April 2009
Volume 50, Issue 13
Free
ARVO Annual Meeting Abstract  |   April 2009
Corneal Oxygen Uptake Rates: A Low (0.4 mPa) Modulus Contact Lens Example
Author Affiliations & Notes
  • B. A. Fink
    College of Optometry, Ohio State University, Columbus, Ohio
  • J. Stehulak
    College of Optometry, Ohio State University, Columbus, Ohio
  • G. Mitchell
    College of Optometry, Ohio State University, Columbus, Ohio
  • R. M. Hill
    College of Optometry, Ohio State University, Columbus, Ohio
  • Footnotes
    Commercial Relationships  B.A. Fink, None; J. Stehulak, None; G. Mitchell, None; R.M. Hill, None.
  • Footnotes
    Support  None.
Investigative Ophthalmology & Visual Science April 2009, Vol.50, 905. doi:
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      B. A. Fink, J. Stehulak, G. Mitchell, R. M. Hill; Corneal Oxygen Uptake Rates: A Low (0.4 mPa) Modulus Contact Lens Example. Invest. Ophthalmol. Vis. Sci. 2009;50(13):905.

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      © ARVO (1962-2015); The Authors (2016-present)

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Abstract

Purpose: : Asked here, under blink conditions, for a silicone hydrogel material (Galyfilcon A) of modulus 0.4 mPa: (1) does lens power (i.e., by manifest center thickness and distribution of lens mass) influence oxygen uptake rate at the epithelial surface; and (2) how do the principal meridian curvatures, and net corneal toricity, relate to that uptake rate?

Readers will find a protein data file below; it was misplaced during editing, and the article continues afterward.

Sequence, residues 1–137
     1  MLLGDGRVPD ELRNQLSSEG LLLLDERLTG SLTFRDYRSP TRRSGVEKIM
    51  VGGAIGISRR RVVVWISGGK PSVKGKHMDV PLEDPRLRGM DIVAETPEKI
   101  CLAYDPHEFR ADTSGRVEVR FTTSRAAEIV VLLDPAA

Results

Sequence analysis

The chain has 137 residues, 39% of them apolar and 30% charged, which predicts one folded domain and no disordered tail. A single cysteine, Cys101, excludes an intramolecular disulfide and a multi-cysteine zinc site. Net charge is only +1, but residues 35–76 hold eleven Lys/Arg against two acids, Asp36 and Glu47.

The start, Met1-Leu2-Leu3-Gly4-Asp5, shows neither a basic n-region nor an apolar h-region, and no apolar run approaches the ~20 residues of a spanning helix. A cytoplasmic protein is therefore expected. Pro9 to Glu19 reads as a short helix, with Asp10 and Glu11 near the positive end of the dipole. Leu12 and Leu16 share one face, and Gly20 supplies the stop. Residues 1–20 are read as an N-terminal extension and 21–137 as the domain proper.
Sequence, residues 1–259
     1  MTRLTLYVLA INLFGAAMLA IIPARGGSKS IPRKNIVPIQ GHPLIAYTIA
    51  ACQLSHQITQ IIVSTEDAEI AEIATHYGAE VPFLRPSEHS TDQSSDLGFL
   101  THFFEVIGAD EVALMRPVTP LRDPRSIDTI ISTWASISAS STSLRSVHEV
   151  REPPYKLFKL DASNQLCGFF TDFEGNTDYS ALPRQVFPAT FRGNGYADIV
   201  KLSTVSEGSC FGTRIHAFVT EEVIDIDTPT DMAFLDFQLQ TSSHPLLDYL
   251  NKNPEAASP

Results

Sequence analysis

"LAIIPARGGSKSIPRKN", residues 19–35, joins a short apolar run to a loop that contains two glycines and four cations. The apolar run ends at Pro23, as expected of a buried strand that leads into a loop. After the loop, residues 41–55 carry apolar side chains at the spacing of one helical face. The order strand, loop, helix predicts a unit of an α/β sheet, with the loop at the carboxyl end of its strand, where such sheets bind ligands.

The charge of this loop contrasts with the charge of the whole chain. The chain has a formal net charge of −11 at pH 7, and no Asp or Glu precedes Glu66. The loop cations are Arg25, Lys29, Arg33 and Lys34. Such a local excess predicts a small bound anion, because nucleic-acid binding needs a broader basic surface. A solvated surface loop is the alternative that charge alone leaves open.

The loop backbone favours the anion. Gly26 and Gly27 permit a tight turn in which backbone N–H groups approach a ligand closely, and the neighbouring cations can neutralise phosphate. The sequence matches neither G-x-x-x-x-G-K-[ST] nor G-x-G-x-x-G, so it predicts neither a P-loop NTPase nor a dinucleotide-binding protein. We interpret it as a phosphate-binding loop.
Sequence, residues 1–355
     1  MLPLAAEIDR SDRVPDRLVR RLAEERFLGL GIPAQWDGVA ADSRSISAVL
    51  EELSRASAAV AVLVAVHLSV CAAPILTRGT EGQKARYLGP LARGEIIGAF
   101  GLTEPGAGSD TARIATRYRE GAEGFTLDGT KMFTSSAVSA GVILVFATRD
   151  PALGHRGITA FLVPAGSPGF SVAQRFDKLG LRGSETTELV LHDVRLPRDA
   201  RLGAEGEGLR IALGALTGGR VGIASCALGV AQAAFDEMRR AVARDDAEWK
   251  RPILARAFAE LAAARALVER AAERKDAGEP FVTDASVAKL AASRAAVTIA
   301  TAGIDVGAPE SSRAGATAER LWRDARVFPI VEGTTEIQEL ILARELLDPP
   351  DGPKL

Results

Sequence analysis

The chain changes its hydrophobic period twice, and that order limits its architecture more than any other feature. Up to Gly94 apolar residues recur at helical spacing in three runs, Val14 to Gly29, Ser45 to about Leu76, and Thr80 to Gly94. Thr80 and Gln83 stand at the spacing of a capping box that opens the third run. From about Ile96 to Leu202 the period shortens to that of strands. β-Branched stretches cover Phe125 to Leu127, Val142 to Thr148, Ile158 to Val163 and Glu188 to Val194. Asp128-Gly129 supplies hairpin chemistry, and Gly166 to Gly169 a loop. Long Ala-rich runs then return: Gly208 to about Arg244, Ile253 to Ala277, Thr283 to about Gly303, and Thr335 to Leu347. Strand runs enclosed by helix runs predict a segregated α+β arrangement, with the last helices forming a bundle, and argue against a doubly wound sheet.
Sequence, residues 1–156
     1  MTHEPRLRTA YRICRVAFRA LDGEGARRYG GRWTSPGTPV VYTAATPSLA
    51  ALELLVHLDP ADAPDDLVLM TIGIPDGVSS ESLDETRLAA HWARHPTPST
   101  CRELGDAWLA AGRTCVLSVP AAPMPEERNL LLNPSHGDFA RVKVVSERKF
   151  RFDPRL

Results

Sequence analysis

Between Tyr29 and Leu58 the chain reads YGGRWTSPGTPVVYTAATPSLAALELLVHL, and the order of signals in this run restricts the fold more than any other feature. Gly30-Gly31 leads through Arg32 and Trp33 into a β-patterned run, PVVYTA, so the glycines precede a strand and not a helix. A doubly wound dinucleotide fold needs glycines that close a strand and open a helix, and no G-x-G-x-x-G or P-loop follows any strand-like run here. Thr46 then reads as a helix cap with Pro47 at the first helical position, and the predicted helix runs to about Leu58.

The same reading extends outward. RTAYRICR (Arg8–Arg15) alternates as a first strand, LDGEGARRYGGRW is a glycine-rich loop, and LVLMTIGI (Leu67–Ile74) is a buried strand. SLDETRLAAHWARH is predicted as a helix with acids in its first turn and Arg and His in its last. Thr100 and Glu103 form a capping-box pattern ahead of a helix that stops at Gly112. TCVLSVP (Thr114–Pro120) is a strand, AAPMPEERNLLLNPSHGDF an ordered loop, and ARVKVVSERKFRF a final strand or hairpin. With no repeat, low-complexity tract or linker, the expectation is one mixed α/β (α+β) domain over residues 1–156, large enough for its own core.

Methods: : Mean oxygen uptake rates were determined using a Clark-type polarographic electrode applied at the corneal center. The right eye only of 15 subjects was used. Responses to the air (no contact lens) condition, and to 300 sec of static PMMA lens wear, were taken as uptake rate controls. Three refractive power design series were applied to each eye: -6.00, -1.00, +4.00D. One-way repeated measures ANOVA statistics, together with the Tukey-Kramer adjustment for multiple comparisons were used.

Results: : Individuality among subjects was most evident when viewing the data as ratios of dynamic uptake rate (relative to air)/static uptake rate (relative to air), with ranges found for the -6.00D series of 139 to 52, the -1.00D series of 149 to 77, and the +4.00D series of 136 to 80 (where values less than 100 represent reduced hypoxic stress).

Conclusions: : Changes in post-lens oxygen uptake rate (hypoxic stress) were observed with blinking, but were highly individualized. This suggests that factors, in addition to lens modulus, may be influencing these responses as well, e.g., tear viscosity, lid tension, lid movement (force vectors and directions) and possibly even the epithelial glycocalyx.

Keywords: contact lens • cornea: basic science • oxygen 
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